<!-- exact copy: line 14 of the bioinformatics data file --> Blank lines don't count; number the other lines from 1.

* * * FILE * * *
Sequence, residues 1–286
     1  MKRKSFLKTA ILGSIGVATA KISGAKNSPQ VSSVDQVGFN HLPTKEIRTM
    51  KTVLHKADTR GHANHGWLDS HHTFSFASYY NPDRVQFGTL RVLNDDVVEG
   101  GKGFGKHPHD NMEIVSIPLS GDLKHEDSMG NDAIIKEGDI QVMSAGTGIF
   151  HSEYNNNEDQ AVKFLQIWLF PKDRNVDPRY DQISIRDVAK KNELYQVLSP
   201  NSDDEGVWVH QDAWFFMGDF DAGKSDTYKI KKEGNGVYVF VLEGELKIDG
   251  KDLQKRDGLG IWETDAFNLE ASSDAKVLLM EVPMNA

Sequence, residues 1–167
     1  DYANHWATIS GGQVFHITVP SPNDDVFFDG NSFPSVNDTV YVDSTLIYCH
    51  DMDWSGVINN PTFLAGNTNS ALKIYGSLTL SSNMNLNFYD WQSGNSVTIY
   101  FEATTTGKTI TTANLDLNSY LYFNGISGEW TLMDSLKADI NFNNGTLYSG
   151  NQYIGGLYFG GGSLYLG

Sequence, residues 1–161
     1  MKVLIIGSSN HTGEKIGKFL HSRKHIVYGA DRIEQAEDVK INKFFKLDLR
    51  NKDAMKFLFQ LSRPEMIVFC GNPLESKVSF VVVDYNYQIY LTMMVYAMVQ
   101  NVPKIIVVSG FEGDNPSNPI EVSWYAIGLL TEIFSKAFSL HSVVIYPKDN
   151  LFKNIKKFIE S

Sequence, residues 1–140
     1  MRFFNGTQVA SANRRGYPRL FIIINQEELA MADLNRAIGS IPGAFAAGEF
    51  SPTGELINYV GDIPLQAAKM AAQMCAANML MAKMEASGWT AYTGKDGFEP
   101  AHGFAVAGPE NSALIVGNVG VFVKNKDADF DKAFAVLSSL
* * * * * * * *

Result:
     1  MKVLIIGSSN HTGEKIGKFL HSRKHIVYGA DRIEQAEDVK INKFFKLDLR